As one studies Lewis’s voluminous correspondence, one notices the first mention of America appears in a letter just prior to his eighteenth birthday to lifelong friend and Belfast neighbor Arthur Greeves. As might be expected, given his later career as a professor of literature, Lewis indicates to Greeves that he is beginning to read some American authors, singling out Nathaniel Hawthorne, whom he admires. Yet he thought it a shame that someone of Hawthorne’s genius had to be an American.

When Lewis returned to Oxford after the war to resume his studies, he commented on the increasing number of Americans on campus, calling it an invasion. He related a story to his father about a professor who read a paper at a literary meeting and who acknowledged his effort wasn’t all that good; he thought he needed to apologize for even offering it. He had meant to publish it, he told the group, but felt it was so bad that he sent it to an American magazine instead. Lewis found that appropriately amusing.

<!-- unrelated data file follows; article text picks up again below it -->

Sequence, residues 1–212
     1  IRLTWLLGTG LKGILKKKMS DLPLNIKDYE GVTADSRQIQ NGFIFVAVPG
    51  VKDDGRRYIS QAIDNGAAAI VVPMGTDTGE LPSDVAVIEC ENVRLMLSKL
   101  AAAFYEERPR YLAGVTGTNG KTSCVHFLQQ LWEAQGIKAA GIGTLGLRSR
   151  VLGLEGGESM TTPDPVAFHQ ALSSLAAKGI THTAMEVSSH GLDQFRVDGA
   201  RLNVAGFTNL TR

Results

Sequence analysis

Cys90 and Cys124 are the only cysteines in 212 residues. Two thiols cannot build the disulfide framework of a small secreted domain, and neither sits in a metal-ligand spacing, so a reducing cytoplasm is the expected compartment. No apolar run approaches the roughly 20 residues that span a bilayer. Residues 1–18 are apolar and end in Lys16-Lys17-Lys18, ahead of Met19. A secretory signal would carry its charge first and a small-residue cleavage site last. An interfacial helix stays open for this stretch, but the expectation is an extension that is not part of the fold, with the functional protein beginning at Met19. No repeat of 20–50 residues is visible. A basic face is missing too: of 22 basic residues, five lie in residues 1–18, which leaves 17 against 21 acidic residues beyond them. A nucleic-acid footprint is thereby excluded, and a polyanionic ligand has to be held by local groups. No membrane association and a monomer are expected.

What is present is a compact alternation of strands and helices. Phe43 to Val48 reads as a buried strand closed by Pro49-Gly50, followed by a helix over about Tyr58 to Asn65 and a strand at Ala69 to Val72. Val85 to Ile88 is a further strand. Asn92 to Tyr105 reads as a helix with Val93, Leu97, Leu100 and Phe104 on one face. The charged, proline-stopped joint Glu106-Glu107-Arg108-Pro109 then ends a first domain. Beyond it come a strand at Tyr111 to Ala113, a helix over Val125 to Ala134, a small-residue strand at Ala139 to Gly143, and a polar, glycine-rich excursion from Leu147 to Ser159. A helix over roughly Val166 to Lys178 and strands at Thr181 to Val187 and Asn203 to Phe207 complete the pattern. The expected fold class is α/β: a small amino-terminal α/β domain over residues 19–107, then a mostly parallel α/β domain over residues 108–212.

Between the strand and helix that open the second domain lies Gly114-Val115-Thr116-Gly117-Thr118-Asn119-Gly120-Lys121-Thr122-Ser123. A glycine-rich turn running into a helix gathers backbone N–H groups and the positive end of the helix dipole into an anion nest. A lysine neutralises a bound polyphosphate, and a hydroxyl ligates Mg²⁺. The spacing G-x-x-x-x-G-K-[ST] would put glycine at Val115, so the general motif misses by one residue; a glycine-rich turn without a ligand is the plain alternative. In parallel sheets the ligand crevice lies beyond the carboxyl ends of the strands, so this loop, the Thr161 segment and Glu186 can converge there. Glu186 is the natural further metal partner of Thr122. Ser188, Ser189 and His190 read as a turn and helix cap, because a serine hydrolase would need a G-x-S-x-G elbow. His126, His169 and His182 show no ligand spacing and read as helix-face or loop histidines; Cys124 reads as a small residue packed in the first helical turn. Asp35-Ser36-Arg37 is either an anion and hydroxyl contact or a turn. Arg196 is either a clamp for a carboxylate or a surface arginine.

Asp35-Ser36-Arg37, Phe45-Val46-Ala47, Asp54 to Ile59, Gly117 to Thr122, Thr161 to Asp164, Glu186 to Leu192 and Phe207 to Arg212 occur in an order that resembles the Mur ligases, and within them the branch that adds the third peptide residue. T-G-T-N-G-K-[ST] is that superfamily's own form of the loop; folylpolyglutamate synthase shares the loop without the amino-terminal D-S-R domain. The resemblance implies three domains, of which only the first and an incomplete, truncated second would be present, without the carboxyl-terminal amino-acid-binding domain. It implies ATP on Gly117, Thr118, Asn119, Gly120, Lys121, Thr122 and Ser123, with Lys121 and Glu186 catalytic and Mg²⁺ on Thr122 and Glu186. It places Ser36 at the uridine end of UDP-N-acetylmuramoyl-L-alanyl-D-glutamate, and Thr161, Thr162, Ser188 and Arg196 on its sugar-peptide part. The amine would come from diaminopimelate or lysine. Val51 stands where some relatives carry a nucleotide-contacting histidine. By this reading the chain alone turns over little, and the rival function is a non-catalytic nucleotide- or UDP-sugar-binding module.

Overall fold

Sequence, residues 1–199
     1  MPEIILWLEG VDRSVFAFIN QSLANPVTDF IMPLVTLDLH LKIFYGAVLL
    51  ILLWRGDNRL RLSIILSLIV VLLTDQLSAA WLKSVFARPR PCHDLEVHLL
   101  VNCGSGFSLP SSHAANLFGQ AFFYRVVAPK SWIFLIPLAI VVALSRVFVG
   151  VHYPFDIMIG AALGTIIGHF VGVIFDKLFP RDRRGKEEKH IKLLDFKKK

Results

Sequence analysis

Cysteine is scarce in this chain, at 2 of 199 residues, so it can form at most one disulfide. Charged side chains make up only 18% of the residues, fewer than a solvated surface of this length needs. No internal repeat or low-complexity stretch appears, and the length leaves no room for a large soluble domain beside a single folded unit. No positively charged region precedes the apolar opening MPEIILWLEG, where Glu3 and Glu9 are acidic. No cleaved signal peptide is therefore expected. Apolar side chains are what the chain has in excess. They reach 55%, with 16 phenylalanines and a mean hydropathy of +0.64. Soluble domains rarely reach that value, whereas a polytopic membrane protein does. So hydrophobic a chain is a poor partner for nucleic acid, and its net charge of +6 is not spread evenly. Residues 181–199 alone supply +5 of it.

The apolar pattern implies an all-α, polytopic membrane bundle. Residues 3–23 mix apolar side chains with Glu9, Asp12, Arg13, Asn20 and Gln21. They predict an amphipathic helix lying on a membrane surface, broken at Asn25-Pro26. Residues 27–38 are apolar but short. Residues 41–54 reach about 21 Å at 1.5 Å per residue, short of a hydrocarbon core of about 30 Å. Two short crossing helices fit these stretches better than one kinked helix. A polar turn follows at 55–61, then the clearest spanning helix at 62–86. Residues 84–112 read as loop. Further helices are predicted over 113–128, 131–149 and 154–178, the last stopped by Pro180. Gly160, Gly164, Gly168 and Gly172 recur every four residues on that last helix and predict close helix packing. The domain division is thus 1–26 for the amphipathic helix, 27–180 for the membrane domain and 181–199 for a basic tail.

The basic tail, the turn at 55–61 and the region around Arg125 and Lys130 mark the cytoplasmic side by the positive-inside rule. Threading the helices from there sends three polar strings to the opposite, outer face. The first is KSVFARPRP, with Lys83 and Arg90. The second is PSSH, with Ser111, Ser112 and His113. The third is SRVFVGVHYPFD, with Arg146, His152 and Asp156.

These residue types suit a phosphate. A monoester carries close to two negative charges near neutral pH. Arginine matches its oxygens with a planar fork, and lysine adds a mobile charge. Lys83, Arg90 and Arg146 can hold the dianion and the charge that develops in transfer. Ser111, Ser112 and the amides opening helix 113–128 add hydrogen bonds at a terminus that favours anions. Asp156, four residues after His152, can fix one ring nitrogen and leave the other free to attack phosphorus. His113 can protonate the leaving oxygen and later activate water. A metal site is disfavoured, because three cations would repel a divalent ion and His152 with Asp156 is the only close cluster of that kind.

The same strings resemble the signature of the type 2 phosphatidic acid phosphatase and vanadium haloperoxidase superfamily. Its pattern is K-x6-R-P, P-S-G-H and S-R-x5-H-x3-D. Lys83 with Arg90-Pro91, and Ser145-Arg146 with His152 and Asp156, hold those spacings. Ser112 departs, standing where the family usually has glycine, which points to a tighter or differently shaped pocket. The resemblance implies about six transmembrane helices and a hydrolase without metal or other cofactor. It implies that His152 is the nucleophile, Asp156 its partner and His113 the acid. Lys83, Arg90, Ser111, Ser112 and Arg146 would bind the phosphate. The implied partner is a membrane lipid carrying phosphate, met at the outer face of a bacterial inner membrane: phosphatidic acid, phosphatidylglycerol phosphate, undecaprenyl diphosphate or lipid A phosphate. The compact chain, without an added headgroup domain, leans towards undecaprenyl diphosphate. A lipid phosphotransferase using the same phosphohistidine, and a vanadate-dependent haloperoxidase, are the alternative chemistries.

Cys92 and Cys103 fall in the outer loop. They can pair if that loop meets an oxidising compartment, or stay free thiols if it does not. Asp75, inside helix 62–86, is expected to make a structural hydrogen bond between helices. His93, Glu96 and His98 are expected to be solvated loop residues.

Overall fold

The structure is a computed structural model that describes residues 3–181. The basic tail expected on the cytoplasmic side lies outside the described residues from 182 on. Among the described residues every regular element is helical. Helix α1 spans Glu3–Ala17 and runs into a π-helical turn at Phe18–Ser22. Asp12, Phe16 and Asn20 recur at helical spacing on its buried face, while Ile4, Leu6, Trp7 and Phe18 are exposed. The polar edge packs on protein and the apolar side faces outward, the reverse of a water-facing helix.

All of these comments emanate from a pre-Christian Lewis. This doesn’t mean that his conversion necessarily changed all of his thinking about Americans, but slowly, over time, he got to know more Americans on a personal basis, and those views were tempered accordingly.

Although Lewis declined all invitations to visit America due to his personal circumstances, that did not mean he wasn’t attracted to some of what the New World had to offer. Sprinkled throughout his letters to Americans, one finds comments that reveal the longing of his heart to make the journey.